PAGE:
Pasqua “Pasquarella” D’Agostino was born in San Giovanni e Paolo “Santian”, Italy on January sixth, 1926. She passed away on Tuesday, October third, 2018 in Albany, New York at 92 years old. She resided in Schenectady, New York with her daughter, Josephine De Filippo since November 2016.
Pasqua was born in a small Italian town known and beloved as Santian, or as Pasqua called it, paradise. The town is nestled in the Campania region among olive covered hills, and cobblestone streets. She was the youngest of seven born to the late Raffaele D’Agostino and Juditta De Sorbo.
Pasqua endured much adversity in her lifetime, but she never lost her quick wit, strong will and sense of humor. As a child she worked with her mother in the fields. When she was a teenager she survived WWII. During the war, German soldiers invaded Santian and burnt down her home. Her father was captured and later escaped. Even in recounting this difficulty time, Pasqua remembers the light in all of it. She laughed as she recounted hiding in a barn attic from Nazi soldiers with her mother and an older neighbor. The neighbor couldn’t stop coughing, so Pasqua, fearing the Nazis would hear them, shoved hay in the neighbor’s mouth to stop him from making a sound. Afterwards, the neighbor thanked her for saving their lives. The memory of the old neighbor coughing on the hay still cracked her up to this day.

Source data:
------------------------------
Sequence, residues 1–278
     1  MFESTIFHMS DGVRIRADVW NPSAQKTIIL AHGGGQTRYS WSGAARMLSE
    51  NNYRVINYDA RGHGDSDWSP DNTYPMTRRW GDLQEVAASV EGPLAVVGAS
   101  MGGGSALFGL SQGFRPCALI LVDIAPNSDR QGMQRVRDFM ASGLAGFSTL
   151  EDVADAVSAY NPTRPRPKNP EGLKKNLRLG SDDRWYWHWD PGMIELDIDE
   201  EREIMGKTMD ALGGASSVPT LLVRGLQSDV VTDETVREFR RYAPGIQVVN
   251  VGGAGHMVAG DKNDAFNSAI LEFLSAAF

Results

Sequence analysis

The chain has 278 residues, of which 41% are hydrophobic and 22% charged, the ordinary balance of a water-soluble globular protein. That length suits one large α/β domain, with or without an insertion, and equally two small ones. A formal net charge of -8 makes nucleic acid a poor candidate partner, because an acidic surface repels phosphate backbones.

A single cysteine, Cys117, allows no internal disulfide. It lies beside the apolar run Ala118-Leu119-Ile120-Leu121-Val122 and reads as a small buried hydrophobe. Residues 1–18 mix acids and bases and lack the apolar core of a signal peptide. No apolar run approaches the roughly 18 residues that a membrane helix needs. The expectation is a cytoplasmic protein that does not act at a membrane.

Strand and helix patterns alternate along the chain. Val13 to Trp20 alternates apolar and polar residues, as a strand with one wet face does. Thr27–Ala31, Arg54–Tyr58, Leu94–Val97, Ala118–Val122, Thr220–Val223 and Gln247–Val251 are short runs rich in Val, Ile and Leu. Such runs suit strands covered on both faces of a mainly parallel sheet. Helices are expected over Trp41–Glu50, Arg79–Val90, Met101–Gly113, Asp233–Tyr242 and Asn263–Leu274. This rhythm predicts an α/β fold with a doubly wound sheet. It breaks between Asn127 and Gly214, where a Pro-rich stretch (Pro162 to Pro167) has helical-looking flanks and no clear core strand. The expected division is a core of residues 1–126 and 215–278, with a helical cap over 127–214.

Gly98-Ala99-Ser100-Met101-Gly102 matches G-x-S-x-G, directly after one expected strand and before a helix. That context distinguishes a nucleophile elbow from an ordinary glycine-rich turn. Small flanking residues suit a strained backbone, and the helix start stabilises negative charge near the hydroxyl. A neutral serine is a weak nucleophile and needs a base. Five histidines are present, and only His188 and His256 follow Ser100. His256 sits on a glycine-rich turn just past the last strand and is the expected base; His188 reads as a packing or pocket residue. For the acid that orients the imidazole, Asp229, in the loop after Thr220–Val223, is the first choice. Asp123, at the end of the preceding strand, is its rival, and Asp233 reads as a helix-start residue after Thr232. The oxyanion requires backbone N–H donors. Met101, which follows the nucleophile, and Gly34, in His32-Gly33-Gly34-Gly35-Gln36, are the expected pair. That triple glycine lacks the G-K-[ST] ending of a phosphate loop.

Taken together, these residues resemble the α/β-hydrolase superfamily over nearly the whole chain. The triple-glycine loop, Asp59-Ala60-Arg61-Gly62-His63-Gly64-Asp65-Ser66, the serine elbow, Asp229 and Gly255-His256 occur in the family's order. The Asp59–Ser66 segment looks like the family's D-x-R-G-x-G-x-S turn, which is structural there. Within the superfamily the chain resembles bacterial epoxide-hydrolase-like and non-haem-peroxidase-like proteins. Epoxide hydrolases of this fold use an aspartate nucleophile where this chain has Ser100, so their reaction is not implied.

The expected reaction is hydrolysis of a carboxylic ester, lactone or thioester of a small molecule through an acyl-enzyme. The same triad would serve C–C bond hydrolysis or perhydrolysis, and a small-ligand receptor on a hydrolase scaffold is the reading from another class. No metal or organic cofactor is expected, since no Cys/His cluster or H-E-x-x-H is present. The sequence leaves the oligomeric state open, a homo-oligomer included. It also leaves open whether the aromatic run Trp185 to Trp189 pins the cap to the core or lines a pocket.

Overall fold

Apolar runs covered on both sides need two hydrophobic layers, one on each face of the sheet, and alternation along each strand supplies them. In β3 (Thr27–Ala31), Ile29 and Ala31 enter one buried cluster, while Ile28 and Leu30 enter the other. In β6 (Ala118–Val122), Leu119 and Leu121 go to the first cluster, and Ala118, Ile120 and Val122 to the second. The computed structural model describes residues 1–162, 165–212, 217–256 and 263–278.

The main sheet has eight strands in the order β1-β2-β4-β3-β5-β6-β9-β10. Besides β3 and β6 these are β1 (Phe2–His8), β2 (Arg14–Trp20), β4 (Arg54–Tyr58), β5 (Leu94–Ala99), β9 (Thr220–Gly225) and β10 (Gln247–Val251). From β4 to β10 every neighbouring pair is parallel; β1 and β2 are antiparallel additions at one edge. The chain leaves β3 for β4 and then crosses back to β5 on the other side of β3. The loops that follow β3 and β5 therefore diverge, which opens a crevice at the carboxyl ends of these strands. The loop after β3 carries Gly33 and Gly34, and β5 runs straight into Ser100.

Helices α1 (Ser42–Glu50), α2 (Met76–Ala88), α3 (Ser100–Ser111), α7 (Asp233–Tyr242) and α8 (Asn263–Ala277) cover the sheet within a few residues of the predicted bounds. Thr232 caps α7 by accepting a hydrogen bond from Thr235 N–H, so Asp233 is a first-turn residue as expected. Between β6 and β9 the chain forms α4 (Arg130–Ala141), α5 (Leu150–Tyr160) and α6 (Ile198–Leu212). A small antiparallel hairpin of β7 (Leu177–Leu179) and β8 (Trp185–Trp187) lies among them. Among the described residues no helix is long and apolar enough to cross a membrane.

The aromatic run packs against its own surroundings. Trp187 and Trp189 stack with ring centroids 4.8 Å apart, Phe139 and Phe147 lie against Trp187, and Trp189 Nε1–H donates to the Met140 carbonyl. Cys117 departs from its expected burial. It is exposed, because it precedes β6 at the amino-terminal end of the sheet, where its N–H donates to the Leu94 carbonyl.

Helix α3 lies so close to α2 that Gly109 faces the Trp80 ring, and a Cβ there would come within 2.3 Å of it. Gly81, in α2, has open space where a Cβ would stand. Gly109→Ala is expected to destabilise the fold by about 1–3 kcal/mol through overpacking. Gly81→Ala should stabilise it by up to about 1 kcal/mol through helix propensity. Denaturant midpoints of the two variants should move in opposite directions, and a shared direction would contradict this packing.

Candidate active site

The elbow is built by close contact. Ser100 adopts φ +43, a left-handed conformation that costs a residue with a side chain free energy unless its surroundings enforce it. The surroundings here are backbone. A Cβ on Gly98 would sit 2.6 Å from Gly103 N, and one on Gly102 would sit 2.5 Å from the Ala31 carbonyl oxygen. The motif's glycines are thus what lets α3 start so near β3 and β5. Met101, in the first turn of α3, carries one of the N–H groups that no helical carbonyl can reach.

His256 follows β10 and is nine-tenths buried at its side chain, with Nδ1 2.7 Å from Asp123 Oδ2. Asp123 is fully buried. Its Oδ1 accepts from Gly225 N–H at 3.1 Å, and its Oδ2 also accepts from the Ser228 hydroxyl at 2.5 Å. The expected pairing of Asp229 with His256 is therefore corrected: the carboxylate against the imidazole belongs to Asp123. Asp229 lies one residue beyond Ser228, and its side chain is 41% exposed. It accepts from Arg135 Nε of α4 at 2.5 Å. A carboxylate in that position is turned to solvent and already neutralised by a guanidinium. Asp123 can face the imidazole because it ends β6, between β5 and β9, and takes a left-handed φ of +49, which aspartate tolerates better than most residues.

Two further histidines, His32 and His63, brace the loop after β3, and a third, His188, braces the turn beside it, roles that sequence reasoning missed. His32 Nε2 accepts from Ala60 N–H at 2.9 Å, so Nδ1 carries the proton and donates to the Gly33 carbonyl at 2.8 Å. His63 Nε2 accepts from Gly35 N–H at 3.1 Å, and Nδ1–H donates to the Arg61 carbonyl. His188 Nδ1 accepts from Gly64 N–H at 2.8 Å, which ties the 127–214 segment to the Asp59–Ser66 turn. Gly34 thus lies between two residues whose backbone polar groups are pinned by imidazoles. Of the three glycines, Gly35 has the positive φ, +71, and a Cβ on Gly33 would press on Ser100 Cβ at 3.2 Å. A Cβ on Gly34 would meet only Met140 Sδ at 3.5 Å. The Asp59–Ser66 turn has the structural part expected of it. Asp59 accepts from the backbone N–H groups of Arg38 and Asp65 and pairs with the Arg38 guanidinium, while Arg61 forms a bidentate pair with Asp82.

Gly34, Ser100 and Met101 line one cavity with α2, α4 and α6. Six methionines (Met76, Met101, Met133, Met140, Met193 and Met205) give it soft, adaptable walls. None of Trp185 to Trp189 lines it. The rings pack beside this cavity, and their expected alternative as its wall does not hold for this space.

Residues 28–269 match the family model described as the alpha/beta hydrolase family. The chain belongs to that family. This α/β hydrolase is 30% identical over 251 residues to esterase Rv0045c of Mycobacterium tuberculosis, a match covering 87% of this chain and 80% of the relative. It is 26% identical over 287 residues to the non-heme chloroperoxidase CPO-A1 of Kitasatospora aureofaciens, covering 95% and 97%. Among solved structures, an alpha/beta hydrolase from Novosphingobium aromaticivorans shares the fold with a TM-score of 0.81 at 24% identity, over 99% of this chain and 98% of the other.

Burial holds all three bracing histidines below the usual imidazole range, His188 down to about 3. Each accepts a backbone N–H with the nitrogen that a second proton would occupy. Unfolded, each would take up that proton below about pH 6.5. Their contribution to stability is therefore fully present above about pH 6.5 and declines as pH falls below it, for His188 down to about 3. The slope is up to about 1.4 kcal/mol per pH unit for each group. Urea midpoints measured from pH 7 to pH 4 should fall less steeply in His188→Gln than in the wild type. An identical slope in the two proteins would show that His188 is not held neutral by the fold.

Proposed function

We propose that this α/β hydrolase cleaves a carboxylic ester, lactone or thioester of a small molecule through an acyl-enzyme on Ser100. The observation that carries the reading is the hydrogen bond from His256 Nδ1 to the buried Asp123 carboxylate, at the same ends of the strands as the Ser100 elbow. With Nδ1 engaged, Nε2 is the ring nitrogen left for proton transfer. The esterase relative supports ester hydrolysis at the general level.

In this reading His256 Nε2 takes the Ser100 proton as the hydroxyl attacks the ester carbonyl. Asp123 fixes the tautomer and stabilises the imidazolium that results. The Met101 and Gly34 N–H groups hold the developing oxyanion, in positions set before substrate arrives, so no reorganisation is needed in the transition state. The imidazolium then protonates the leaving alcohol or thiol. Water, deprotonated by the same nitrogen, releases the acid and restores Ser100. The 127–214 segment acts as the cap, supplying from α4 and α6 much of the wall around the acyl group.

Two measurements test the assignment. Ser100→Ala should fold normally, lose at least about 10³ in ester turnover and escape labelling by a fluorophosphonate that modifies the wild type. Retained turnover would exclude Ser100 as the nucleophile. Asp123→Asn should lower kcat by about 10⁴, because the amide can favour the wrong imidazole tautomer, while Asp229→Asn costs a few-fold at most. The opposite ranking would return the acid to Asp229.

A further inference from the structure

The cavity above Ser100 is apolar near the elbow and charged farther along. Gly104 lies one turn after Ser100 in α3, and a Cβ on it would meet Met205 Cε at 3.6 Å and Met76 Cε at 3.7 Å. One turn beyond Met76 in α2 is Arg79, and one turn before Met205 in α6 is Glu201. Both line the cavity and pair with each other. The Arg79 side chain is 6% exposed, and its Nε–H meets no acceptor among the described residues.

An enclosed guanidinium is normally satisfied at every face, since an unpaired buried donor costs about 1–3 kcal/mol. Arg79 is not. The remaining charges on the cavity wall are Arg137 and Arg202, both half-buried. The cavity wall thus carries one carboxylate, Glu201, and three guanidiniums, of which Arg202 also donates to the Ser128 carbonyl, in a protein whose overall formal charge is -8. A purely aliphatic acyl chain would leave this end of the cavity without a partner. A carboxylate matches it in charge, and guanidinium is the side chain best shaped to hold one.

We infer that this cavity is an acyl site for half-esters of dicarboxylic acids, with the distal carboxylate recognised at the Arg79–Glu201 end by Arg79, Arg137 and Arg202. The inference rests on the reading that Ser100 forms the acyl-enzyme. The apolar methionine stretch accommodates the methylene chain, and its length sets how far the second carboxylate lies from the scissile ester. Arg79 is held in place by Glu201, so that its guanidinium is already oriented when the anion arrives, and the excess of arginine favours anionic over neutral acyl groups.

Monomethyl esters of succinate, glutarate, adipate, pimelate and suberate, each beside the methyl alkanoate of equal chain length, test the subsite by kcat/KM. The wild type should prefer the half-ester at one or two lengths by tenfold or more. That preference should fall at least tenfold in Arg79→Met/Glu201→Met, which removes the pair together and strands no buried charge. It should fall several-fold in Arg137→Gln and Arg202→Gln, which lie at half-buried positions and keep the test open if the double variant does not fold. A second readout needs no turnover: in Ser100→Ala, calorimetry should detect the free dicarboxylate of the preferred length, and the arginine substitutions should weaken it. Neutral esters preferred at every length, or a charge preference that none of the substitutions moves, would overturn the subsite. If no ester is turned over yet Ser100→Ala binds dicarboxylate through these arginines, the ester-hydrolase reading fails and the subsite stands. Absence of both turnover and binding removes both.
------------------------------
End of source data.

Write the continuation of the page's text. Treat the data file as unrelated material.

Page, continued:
Pasqua married the late Antonio Audi in 1950 at the church in Santian and they had three children. During the days she worked in the fields and at night she worked as a seamstress. Her husband and brother passed away in October 1967 in a construction accident in Switzerland. She cared for her three young children and worked in the family’s fields, growing, raising and making everything they needed to survive. She grew vegetables, olives, grapes and wheat, sold milk from their cow and raised meat from pigs, chickens and rabbits. She even made homemade polenta from raw wheat with a small hand crank machine. She also took on the role as the unofficial “nurse” of Santian, travelling to other people’s homes to administer shots and help care for others.
Pasquarella was also an accomplished seamstress. She hand-crocheted beautiful traditional Italian blankets and tablecloths, often working many years on one piece. These works of art are treasured by her children for their beauty, craftsmanship and dedication. She was also a passionate gardener. Her children still grow seeds from her plants to this day.
Pasqua was the epitome of strong. She worked hard to take care of her family and her community. She touched so many lives with her kindness, wit and humor and will always be remembered. She was an inspiration to those lucky enough to know her love and wisdom. She will be remembered by her three children, Josephine (Renato), Dominick (Julie) and Luigi; as well as her grandchildren, Rosalynn (Jamie), Anthony, Antonio (Nicole), Pasqua “Paula”, Francesca, Michael, Lauren and Lucas; and her three great-grandchildren, Kaiden, Cecilia Josephine and Christian.
More than anything, Pasqua loved Italy and she loved Santian, a place she called her home for 90 years of her life. When she gets to heaven, I hope it looks like Santian. Te vogliamo tanto bene, Nonna.
A funeral Mass will be celebrated on Tuesday, October 9th at 1pm at St. Luke’s Church on 1241 State St, Schenectady. Visiting hours will be from 10-12 pm at DeMarco-Stone Funeral Home 1605 Helderberg Ave., Rotterdam. In lieu of flowers, contributions to support the church in San Giovanni e Paolo, Italy can be sent in care to Josephine De Filippo at 346 Hewitt Drive, Schenectady, NY 12306.